Next, a technologyadvocate must work with the librarian on a plan to convert thelibrary into a library media center. If possible, the teacher mightconsider becoming a member of the library team by being appointed asa media specialist or media mentor. This is a critical decision pointbecause it gives a focus to the task and designates a person who willcarry out the plan as it develops.
By working together,the librarian and the media specialist bring unique perspectives tothe task of building the library media center. This new direction andresponsibility help begin the process of turning the library mediacenter into the hub of the school for the Information Age.
Ultimately, alibrary media center will offer teachers and students the service ofconnecting the school to the world of information in the form ofonline access as well as other information sources such as LaserDisc,CD-ROM, DVD, videotape and cable TV. These sources provide access tothousands of educational programs. With a LaserDisc player andbarcode reader, for example, teachers can build lesson plans thatincorporate video images of Martin Luther King making a speech, thespace shuttle blasting off or an infinite number of other relevantreal-world experiences.
Keep in mind thatsetting up a library media center is only half the battle. Workingwith other like-minded and supportive staff and teachers, the mediamentor will need to assess the current state of resources at theschool and develop a plan for expanding the technology available tostudents and teachers. Available funding for technology upgrades isalways tight, which is why support from a principal and/or sitecoordinating committee is essential. Technology purchases usuallyneed to be made in steps, and securing an ongoing budget commitment&emdash; even a very modest one &emdash; from the appropriate entityis obviously critical.
Another method forincreasing technology at a school is by applying for grants. Somegrants are relatively simple to obtain while others are verycompetitive. Release time to attend grant writing workshops and forwriting a grant proposal are low-cost items which can pay long-termdividends: money to finance an initial technology investment. It isoften a good strategy to identify a target group that will seeimmediate benefits from the early technology investments.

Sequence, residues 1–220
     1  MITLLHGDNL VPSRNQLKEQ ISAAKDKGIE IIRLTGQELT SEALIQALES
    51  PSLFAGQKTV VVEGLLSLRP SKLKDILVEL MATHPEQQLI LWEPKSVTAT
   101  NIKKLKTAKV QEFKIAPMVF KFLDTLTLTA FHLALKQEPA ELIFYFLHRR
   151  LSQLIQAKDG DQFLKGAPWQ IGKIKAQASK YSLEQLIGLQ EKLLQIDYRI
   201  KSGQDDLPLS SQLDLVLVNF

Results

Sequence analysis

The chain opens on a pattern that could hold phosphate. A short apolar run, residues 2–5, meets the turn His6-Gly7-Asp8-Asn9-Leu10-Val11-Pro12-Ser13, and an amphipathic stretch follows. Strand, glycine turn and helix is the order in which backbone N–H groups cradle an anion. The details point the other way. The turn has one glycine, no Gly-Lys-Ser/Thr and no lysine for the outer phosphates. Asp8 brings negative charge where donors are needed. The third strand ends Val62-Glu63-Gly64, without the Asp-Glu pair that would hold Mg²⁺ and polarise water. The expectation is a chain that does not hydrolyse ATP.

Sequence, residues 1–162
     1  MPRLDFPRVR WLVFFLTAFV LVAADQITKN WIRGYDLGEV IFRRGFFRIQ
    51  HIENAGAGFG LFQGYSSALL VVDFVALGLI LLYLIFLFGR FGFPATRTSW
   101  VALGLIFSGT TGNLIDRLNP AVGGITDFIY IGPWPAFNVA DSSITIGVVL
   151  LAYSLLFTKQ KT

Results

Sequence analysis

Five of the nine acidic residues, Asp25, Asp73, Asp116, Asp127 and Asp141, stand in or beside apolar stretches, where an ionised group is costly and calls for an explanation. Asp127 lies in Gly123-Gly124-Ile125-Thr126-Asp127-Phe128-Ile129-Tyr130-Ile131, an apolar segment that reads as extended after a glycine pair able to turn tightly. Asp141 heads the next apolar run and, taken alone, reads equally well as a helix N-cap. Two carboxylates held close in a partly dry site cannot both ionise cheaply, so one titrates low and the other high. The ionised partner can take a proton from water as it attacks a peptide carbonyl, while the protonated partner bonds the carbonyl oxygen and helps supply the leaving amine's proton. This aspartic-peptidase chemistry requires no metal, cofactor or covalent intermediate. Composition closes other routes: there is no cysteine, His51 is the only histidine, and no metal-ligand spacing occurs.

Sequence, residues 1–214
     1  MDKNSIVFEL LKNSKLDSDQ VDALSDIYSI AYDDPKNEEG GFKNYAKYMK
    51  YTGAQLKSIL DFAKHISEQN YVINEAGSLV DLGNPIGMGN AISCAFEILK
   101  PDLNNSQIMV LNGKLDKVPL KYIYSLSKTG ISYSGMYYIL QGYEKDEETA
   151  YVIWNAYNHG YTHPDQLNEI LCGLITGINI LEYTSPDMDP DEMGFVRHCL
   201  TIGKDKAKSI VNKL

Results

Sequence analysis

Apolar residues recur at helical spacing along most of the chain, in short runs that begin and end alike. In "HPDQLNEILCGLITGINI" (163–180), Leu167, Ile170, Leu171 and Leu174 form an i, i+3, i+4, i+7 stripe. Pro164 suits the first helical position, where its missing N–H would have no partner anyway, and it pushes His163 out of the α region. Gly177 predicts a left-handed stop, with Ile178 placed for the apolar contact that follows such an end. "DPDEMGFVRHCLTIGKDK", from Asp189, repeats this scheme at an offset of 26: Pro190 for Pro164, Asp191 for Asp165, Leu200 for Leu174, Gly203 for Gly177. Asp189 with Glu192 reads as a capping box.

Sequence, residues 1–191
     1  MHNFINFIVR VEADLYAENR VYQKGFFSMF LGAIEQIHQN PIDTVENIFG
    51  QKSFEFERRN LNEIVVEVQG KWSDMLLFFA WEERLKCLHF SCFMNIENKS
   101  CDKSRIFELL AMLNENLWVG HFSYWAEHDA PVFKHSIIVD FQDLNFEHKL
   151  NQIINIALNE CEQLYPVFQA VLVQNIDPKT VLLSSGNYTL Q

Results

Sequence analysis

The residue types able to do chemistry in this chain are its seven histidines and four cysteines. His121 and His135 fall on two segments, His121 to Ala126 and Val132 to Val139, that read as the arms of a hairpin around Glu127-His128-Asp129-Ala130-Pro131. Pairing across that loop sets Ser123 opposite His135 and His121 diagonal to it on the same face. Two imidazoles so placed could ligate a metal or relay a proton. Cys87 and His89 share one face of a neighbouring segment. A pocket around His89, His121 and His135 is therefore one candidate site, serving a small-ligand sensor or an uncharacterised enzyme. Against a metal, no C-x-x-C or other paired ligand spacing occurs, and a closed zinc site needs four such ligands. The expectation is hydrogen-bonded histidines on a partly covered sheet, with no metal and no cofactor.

Thus, by developingan information center, schools can create a useful, interactiveresource for teachers and their students that brings the "miracles"of society straight into the classroom. The goal is to develop alibrary media center that in fact becomes the "information hub" forthe school. The media center should help transform much of the schoolcurriculum activity away from the confinement of the classroom's fourwalls into a bustling, lively world that can be accessed with a touchof a button.
While creating sucha hub typically d'es not happen overnight &emdash; and d'es nothappen without quality in-service education &emdash; dedication andpatience by teachers and administrators can make it all come tofruition. I know from my own experience as a teacher and mediaspecialist that the process can and d'es work.
William Lambeth isthe media specialist at La Mirada High School in Los Angeles, Calif.,and a Pioneer Mentor.
Editor's Note: Formore information on the Pioneer Mentor Program, contact Pioneer NewMedia Technologies, P.O. Box 93131, Long Beach, CA 90809.
This article originally appeared in the 06/01/1998 issue of THE Journal.